Mahdi Hashi: Briton, 23, accused of working with terror group secretly quizzed by CIA for three months

Briton, 23, accused of working with terror group secretly quizzed by CIA for three months in African prison
Mahdi Hashi, who
vanished last summer in Somalia, turned up in a New York courtroom just
before Christmas, charged with terrorism offences

By
Robert Verkaik

PUBLISHED:

00:39 GMT, 6 January 2013

|

UPDATED:

16:00 GMT, 6 January 2013

A British man controversially stripped of his citizenship last year by the Home Secretary has spent three months being interrogated by US agents in an African prison.

Mahdi Hashi, 23, from London, who vanished last summer in Somalia, turned up in a New York courtroom just before Christmas, charged with terrorism offences.

His sudden appearance in America five months after his family had reported him missing has prompted claims that he is the victim of international kidnap or ‘rendition’.

Hashi

Charged: Mahdi Hashi, 23, from London, who
vanished last summer in Somalia, turned up in a New York courtroom just
before Christmas, charged with terrorism offences

Now it has emerged that between August and the middle of November he was being questioned by teams of agents from the CIA and FBI while being held by the secret intelligence service of Djibouti, a small African state that borders Somalia.

The former care worker lost contact with his family while staying in Somalia last year. When they began looking for him, they were told by Foreign Office officials that the British Government could not provide assistance because the Home Secretary Theresa May had issued an order depriving him of his UK citizenship over allegations of Islamic extremism.

Ragout

A Mail on Sunday report after Hashi, who came to Britain from Somalia when he was five, appeared in court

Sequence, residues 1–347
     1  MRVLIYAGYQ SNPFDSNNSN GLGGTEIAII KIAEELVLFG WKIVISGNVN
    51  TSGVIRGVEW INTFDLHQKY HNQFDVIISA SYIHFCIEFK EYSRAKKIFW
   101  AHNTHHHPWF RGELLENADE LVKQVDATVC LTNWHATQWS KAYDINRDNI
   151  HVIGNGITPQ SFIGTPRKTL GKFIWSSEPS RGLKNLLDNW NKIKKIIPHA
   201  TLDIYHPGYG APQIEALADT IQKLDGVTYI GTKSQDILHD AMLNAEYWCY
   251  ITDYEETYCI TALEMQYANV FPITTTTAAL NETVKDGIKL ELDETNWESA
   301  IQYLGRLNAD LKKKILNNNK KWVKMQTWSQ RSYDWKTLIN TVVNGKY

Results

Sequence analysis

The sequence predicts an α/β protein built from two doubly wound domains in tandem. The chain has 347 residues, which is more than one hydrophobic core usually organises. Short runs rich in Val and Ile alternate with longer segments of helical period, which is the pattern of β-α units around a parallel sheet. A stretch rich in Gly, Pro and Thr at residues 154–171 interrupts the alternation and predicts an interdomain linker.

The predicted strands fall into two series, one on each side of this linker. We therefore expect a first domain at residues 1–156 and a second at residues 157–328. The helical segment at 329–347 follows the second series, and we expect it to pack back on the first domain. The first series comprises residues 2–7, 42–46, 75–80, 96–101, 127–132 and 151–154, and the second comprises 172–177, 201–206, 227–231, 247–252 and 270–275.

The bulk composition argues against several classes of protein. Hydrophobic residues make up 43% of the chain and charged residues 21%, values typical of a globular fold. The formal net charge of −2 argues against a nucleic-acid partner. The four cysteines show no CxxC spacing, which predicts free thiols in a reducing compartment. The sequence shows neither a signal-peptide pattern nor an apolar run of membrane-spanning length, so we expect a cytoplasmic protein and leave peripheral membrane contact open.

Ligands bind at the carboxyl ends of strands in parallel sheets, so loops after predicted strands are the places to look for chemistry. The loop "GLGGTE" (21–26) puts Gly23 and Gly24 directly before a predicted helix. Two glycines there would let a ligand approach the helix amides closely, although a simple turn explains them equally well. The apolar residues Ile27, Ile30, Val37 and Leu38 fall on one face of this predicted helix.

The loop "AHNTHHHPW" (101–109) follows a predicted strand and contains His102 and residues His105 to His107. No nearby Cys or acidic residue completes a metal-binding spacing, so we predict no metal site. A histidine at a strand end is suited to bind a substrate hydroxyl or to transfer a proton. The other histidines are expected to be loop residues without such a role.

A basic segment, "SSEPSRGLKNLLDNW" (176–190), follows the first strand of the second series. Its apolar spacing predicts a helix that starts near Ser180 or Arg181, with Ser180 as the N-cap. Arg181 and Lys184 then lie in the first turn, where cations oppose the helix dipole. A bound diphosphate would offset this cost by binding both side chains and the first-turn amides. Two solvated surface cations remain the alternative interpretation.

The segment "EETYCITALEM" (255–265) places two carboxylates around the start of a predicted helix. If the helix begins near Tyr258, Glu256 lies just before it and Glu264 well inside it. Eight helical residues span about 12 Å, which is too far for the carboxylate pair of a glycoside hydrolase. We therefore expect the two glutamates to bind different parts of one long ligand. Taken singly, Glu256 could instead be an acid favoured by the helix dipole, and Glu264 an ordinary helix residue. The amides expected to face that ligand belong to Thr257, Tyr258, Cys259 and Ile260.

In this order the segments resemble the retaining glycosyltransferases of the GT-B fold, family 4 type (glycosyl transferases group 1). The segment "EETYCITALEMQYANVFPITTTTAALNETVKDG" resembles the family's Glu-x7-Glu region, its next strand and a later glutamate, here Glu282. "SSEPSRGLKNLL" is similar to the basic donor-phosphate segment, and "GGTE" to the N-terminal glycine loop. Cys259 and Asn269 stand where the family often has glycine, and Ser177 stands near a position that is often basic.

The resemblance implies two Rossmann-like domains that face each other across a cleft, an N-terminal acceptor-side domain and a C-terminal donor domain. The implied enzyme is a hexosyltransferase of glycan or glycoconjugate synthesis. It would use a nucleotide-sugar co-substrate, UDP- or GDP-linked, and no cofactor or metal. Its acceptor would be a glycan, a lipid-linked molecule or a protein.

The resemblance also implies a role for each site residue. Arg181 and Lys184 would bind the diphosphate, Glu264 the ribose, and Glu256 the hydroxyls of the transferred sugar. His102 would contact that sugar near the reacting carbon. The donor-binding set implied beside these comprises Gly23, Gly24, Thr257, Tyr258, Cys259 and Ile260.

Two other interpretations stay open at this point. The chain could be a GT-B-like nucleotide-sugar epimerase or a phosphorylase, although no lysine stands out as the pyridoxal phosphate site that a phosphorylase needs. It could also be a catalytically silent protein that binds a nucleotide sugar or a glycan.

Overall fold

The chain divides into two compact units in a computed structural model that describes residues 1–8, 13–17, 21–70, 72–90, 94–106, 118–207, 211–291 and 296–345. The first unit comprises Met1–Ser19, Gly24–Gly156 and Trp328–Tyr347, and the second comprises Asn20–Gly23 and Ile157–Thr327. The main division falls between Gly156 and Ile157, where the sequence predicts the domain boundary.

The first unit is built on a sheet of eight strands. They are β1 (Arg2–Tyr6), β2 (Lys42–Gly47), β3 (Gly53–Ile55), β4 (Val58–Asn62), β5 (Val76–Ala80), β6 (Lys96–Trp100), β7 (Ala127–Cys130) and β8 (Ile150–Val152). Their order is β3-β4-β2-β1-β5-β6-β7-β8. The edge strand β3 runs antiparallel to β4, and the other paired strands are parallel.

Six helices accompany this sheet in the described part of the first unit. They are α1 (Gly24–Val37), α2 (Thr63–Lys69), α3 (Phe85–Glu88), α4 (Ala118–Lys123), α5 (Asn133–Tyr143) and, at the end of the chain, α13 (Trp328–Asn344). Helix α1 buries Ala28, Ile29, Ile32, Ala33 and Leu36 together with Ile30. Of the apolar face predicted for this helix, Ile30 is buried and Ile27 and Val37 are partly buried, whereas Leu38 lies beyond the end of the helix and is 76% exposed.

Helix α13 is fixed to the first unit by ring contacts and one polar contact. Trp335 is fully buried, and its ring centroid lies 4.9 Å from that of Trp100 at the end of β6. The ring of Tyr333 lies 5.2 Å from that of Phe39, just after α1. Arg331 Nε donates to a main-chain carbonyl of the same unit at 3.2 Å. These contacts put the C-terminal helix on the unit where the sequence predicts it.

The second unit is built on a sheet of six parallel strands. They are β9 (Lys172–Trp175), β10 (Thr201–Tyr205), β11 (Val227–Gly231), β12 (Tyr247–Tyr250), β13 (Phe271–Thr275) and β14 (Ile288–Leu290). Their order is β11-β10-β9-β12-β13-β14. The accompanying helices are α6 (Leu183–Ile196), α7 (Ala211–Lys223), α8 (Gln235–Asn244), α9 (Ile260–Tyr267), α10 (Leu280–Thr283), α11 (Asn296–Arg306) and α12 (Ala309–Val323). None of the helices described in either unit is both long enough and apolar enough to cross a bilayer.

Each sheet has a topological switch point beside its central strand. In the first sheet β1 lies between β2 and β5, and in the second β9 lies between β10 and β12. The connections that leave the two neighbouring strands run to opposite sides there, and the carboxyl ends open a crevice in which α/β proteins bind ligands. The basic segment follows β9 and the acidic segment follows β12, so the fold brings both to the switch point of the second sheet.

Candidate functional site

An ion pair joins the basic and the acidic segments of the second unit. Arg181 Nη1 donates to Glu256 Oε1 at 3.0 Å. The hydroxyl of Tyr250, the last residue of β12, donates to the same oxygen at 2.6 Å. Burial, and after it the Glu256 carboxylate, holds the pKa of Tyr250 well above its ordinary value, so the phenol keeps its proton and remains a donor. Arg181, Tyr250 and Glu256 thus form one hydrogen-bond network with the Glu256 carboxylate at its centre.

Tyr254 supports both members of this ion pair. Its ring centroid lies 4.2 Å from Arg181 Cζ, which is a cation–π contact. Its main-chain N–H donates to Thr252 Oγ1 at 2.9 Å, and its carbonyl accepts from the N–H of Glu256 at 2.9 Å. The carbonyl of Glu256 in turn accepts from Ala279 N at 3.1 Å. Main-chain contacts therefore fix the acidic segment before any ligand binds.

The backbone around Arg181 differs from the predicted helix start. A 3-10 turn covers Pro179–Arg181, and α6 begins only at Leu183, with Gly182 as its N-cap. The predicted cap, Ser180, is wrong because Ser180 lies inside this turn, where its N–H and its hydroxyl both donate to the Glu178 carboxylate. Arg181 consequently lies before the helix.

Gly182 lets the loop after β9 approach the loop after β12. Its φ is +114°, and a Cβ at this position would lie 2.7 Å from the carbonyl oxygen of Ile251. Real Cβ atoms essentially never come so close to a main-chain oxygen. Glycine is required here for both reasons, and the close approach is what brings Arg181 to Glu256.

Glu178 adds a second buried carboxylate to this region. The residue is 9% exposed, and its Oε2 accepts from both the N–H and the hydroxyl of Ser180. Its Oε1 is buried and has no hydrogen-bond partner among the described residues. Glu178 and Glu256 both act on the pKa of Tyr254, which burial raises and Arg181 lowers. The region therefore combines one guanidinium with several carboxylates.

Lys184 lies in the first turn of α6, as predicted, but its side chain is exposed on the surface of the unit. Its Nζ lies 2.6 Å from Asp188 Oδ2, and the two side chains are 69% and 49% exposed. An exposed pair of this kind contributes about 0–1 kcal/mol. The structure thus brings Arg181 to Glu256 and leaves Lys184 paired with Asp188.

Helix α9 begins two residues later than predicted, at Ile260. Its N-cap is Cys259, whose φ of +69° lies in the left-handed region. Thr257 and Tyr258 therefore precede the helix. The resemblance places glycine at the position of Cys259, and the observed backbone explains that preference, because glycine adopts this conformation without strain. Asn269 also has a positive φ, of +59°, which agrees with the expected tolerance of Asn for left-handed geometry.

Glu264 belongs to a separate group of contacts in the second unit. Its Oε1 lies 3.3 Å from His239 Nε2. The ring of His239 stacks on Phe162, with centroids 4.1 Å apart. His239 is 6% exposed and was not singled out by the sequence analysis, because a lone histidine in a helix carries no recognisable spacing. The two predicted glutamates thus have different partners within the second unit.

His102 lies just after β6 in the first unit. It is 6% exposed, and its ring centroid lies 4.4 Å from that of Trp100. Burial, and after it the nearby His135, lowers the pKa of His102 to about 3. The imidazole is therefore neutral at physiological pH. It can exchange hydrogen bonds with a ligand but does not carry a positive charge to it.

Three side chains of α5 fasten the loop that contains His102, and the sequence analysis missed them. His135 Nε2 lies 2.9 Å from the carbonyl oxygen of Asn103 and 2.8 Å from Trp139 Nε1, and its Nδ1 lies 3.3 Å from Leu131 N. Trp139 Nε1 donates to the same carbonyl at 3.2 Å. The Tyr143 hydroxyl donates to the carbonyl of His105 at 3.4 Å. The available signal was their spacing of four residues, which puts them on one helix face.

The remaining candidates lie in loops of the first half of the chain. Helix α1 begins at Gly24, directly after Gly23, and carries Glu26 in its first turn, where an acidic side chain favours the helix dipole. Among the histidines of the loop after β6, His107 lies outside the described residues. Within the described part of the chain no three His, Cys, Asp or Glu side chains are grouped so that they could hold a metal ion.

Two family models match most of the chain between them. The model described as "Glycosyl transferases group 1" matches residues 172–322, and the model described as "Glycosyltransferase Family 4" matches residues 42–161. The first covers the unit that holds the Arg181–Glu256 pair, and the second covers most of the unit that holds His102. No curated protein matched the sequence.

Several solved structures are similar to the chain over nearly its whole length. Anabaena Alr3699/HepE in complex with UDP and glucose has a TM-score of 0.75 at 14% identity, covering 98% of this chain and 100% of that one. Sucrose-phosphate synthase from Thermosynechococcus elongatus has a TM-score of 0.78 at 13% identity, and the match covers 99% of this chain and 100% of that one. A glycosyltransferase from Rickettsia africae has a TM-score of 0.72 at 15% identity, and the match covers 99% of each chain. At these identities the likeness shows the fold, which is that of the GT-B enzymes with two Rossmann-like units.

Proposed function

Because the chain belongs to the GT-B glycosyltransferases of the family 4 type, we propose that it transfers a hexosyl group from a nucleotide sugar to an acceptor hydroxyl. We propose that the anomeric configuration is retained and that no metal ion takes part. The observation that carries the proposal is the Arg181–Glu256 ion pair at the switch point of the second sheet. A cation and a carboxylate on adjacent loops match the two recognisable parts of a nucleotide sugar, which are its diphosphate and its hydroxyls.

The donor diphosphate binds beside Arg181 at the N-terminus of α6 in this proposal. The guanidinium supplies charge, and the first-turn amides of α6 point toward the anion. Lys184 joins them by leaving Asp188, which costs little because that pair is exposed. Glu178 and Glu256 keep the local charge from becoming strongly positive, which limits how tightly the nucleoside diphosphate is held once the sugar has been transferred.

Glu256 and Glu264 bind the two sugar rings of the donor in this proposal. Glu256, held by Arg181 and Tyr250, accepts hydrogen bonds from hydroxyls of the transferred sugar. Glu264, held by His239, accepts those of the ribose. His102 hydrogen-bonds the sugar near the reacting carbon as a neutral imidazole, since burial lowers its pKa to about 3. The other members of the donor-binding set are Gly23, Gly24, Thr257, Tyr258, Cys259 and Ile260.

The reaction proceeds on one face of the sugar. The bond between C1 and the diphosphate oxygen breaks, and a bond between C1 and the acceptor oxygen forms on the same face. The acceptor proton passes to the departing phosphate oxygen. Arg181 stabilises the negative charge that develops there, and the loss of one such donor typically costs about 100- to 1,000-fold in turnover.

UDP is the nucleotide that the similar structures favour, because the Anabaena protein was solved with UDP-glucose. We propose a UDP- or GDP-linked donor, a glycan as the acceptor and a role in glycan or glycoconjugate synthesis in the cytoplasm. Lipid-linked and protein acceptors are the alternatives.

A few weeks later he was detained by Djibouti’s secret police, who it is claimed raided a house in which he was staying in the capital, Djibouti City.

A source close to the case said Mr Hashi was taken to the intelligence service headquarters, where he spent nearly four months before being sent to America for trial.

‘He was sojourning in Djibouti when he was picked up by Djibouti’s secret intelligence officers and thrown in a cell in solitary confinement,’ said the source.

‘Soon after he was visited and interrogated by FBI officers and then later by the CIA.’

The American interrogations were continuous and all the time the Djibouti security officers were present, said the source.

‘It was as if they were telling him that if he didn’t fully co-operate with the Americans, he would be left to the special interrogation skills of the Djiboutis,’ the source added.

On November 15, he was shackled and put on a plane for the US.

His case has been picked up by the US media as evidence of President Obama’s new rendition programme, where suspects who are deemed to pose a threat to the country are secretly held in African states allied to America.

Mr Hashi, who came to Britain from Somalia when he was five, is accused of working with the terrorist group al-Shabaab, which is at war with the government of Somalia. If convicted, he faces a life sentence.

His family deny that he has ever been involved in terrorist activities and say he was planning to return to London to complete his education.

He left Britain in 2009, firstly for Somalia where he married a local woman. He has a grandmother in Djibouti. Mr Hashi is now being held in solitary confinement in a top-security prison in New York.